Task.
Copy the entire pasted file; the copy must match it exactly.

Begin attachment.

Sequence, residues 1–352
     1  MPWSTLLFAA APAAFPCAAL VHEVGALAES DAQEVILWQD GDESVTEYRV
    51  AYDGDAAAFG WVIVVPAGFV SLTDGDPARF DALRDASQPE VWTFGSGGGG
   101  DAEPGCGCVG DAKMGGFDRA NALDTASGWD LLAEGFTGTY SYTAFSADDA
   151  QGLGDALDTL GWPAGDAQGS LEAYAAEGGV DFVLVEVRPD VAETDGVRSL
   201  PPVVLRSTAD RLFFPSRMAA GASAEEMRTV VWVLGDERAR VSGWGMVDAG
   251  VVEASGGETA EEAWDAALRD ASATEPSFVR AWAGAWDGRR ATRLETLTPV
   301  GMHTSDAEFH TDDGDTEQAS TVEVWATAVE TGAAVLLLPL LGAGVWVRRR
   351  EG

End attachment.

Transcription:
Sequence, residues 1–352
     1  MPWSTLLFAA APAAFPCAAL VHEVGALAES DAQEVILWQD GDESVTEYRV
    51  AYDGDAAAFG WVIVVPAGFV SLTDGDPARF DALRDASQPE VWTFGSGGGG
   101  DAEPGCGCVG DAKMGGFDRA NALDTASGWD LLAEGFTGTY SYTAFSADDA
   151  QGLGDALDTL GWPAGDAQGS LEAYAAEGGV DFVLVEVRPD VAETDGVRSL
   201  PPVVLRSTAD RLFFPSRMAA GASAEEMRTV VWVLGDERAR VSGWGMVDAG
   251  VVEASGGETA EEAWDAALRD ASATEPSFVR AWAGAWDGRR ATRLETLTPV
   301  GMHTSDAEFH TDDGDTEQAS TVEVWATAVE TGAAVLLLPL LGAGVWVRRR
   351  EG